Strapi

An example of a site built using Strapi CMS is the official website of the Vue.js framework (https://vuejs.org/). Strapi is used to manage the content of the website, allowing the Vue.js team to easily update and add new content as needed without having to worry about the underlying technical details of the website. This enables them to focus on creating and maintaining a great website experience for their users.

Prismic

One example of a site built using Prismic CMS is the website for the company “Lush Digital”. The site features a sleek and modern design, with clear navigation and visually appealing images. Prismic’s custom content types and fields allowed the site’s developers to easily manage and display Lush Digital’s portfolio of work, as well as their team members and company blog. Overall, Prismic’s flexible and user-friendly interface made it a great choice for building this dynamic and engaging website.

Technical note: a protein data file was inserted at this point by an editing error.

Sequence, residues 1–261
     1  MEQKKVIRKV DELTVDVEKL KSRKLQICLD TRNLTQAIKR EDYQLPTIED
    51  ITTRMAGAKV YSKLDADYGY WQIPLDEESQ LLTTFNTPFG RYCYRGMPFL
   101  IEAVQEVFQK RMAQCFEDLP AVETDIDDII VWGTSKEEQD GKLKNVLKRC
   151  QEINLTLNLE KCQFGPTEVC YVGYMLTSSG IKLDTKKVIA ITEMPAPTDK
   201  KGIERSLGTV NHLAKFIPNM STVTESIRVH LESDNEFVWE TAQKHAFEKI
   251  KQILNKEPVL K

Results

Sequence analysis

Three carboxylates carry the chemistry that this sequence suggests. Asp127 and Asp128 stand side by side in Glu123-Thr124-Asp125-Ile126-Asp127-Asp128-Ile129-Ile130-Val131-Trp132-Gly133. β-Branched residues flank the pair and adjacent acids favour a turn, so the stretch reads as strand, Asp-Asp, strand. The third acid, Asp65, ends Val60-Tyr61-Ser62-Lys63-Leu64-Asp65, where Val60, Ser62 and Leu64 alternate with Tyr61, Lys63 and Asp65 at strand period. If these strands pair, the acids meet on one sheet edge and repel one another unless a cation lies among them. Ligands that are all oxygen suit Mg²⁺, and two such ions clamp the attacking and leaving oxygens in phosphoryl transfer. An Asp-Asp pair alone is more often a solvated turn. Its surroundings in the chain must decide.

Sanity

One example of a site built using Sanity CMS is the official website of the technology company Norigin Media (https://www.noriginmedia.com/). The website showcases the company’s services and expertise in the field of streaming technology, and uses Sanity as its headless CMS to manage its content. The site features a clean and modern design, with smooth animations and dynamic content. With Sanity, the team at Norigin Media is able to easily manage their content and keep the site up to date with their latest developments and services.

GraphCMS

Some examples of websites built using GraphCMS include:

  1. TeuxDeux – a popular to-do list app that helps users organize their tasks and stay on top of their schedule.
  2. Xerox – a multinational document management company that provides printing and scanning solutions to businesses and individuals.
  3. Territorial – a lifestyle and travel magazine that features articles and photography from around the world.
  4. SaaSquatch – a loyalty and referral program platform that helps businesses grow their customer base through incentivized referrals.
  5. Communo – a talent marketplace that connects freelancers and agencies with top brands and businesses.

Kentico Kontent